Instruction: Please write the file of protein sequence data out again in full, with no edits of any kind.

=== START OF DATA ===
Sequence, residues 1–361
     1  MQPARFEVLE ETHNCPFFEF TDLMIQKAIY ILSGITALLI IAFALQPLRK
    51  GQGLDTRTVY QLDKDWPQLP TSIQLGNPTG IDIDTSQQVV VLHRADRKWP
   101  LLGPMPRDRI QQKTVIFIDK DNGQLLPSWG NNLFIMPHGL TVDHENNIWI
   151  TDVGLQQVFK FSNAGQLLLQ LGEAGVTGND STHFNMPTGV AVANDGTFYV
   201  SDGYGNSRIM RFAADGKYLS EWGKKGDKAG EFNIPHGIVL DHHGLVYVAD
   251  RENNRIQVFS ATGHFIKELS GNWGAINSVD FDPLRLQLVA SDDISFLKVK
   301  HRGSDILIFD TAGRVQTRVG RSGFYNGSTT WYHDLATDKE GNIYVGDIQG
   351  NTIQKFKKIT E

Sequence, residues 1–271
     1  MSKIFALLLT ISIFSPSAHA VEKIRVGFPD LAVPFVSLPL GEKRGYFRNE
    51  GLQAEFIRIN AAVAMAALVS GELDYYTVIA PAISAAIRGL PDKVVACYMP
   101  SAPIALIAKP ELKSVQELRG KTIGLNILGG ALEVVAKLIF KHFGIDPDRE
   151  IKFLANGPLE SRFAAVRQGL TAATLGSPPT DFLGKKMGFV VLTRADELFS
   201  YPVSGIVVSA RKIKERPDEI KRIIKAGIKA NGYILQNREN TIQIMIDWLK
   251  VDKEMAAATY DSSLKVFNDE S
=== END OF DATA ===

Sequence, residues 1–361
     1  MQPARFEVLE ETHNCPFFEF TDLMIQKAIY ILSGITALLI IAFALQPLRK
    51  GQGLDTRTVY QLDKDWPQLP TSIQLGNPTG IDIDTSQQVV VLHRADRKWP
   101  LLGPMPRDRI QQKTVIFIDK DNGQLLPSWG NNLFIMPHGL TVDHENNIWI
   151  TDVGLQQVFK FSNAGQLLLQ LGEAGVTGND STHFNMPTGV AVANDGTFYV
   201  SDGYGNSRIM RFAADGKYLS EWGKKGDKAG EFNIPHGIVL DHHGLVYVAD
   251  RENNRIQVFS ATGHFIKELS GNWGAINSVD FDPLRLQLVA SDDISFLKVK
   301  HRGSDILIFD TAGRVQTRVG RSGFYNGSTT WYHDLATDKE GNIYVGDIQG
   351  NTIQKFKKIT E

Sequence, residues 1–271
     1  MSKIFALLLT ISIFSPSAHA VEKIRVGFPD LAVPFVSLPL GEKRGYFRNE
    51  GLQAEFIRIN AAVAMAALVS GELDYYTVIA PAISAAIRGL PDKVVACYMP
   101  SAPIALIAKP ELKSVQELRG KTIGLNILGG ALEVVAKLIF KHFGIDPDRE
   151  IKFLANGPLE SRFAAVRQGL TAATLGSPPT DFLGKKMGFV VLTRADELFS
   201  YPVSGIVVSA RKIKERPDEI KRIIKAGIKA NGYILQNREN TIQIMIDWLK
   251  VDKEMAAATY DSSLKVFNDE S